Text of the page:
The Mismatch of Telehealth and Fee-for-Service Payment

“the “virtual check in” code introduced in the 2019 MPFS [Medicare Physician Fee Schedule] initiated payment for short communications with patients to avoid unneeded office visits. During the PHE [Public Health Emergency], restrictions on both telehealth visits and non-visit-based communications were loosened further, importantly permitting telehealth services to originate from the patient’s home instead of a medical facility. The Centers for Medicare and Medicaid Services also agreed to pay for routine phone calls between patients and their practitioners. Medicare initially set the rate for a 5- to 10-minute call comparable to a virtual check in—about $15—pegging the fee to relative cost calculations used throughout the MPFS.

[..] for the $15 payment, practices would also bear transaction costs for collecting the obligatory $3.00 co-insurance from the patient or supplemental insurer. [..] it makes no financial sense for practices to bill Medicare and patients for virtual check-ins. It is not surprising that in 2019 practices billed Medicare the check-in code only about 12,000 times, with allowed charges totaling less than $200,000 (M. J. Braid-Forbes, personal communication, August 10, 2020).

[..] Within a few weeks of adoption during the PHE, CMS raised the 5- to 10-minute phone call fee from $15 to $46—the rate for a level 2 office visit, better supporting financially strapped practices. As a temporary policy in the midst of the COVID-19 crisis, “overpaying” for high-frequency, low-cost services makes good policy sense. Post–COVID-19, however, we can expect a proliferation of telehealth services if Medicare continues to overpay for such communications. Policy makers face a dilemma. Using standard, relative cost calculations, they could establish “correct” fees, which primary care practices would rarely bill for or provide. Alternatively, Medicare could pay a rate far higher than the resource cost calculations would establish, making the services highly profitable and provided at high volume.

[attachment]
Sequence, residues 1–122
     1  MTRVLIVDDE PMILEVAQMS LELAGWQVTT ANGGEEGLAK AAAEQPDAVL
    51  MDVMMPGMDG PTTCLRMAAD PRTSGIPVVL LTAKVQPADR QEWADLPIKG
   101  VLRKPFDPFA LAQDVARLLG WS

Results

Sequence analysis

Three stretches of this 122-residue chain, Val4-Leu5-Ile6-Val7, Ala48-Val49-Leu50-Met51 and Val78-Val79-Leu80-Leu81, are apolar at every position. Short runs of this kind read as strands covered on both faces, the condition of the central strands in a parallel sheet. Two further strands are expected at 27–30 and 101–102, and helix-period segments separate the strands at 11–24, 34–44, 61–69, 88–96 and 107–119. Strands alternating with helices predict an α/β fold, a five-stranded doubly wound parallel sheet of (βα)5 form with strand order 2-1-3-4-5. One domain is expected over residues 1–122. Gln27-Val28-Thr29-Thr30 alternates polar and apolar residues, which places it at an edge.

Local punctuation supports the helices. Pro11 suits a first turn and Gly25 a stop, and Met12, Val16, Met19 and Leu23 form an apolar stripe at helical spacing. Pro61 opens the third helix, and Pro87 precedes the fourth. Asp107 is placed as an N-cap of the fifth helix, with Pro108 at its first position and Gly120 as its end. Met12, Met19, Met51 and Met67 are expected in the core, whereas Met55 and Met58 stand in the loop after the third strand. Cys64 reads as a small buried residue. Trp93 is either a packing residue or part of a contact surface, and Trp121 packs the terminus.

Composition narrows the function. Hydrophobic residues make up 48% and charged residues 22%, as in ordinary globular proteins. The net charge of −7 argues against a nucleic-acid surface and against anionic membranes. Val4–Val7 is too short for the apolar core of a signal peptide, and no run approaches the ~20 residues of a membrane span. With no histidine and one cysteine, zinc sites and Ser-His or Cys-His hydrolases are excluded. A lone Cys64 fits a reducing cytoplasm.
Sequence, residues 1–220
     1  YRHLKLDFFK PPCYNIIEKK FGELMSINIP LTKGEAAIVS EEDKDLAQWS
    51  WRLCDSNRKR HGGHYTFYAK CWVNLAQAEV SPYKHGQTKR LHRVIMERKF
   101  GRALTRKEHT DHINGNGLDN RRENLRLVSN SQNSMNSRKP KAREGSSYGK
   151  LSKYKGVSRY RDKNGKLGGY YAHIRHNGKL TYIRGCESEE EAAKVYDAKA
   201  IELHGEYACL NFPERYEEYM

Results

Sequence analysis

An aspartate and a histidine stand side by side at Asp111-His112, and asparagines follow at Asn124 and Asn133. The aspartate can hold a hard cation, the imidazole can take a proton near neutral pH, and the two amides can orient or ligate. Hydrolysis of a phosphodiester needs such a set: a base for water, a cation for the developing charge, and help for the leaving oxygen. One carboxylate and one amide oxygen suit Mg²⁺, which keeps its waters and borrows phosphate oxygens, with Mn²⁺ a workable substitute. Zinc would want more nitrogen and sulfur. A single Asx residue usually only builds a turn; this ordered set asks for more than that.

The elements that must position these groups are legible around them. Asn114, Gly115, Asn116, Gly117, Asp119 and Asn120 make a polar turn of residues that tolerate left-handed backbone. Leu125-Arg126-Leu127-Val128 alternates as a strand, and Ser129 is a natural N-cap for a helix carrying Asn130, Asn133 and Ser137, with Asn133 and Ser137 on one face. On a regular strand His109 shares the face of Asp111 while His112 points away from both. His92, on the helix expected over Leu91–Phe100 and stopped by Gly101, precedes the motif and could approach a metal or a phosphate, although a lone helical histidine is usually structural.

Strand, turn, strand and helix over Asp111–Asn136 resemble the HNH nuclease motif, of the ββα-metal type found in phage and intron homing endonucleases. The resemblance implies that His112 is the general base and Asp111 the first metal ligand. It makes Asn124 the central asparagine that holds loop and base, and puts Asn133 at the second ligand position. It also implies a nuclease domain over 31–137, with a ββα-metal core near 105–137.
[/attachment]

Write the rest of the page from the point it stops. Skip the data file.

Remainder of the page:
Policy makers similarly face unpalatable choices in setting rates for telehealth visits that are substitutes for in-person visits. Patients face substantial time costs in travel, waiting room, and, finally, time with their practitioner. Time costs are a major constraint on the volume of office visits but would mostly disappear if patients’ homes become routinely accepted as the originating telehealth site, as COVID-19 PHE policy permits. As permanent policy, then, there would likely be a massive increase of telehealth visits, especially if MPFS payments equaled office visit payments, despite the substantially lower production cost.

Fee schedules can function reasonably well when code descriptions are concise and specific to the provided service, producing reasonably reliable coding. Unfortunately, current MPFS telehealth codes are not concise, delineating the specific kind of technology employed, the patient’s location, who initiates the service, the duration of the visit or communication, the time interval from prior or subsequent office visits, and the frequency of allowed billing for the service, among other characteristics. These parameters were established for payment purposes alone; they do not reflect useful clinical distinctions. Given ever-changing technology capabilities, codes quickly will become outdated. And if generous payments continue, the Centers for Medicare and Medicaid Services could feel compelled to impose additional burdensome—and ultimately ineffective—documentation requirements as these services proliferate. In short, post–COVID-19, using the standard MPFS to pay for 250 or more telehealth codes would likely produce a quagmire of confusion, inadvertent or intentional miscoding, and clinician and patient complaints while raising spending substantially.

Our proposed solution is to pay primary care practices lump sum payments to cover the cost of virtual telehealth care when there is an established, ongoing patient relationship. A pool of money rather than fee-for-service payments for telehealth communications would allow practices to determine how best to provide care outside of in-person visits while also reducing exorbitant billing costs. For primary care practices in Medicare, this telehealth lump sum payment could be folded into monthly per capita payments that are a central component in current primary care demonstrations, such as in the forthcoming Primary Care First model. The need for ongoing support for telehealth beyond the MPFS should be the catalyst for promptly moving primary care demonstrations currently available to few practices to national adoption.”

Full article, Berenson R and Shartzer A. JAMA Health Forum, 2020.10.2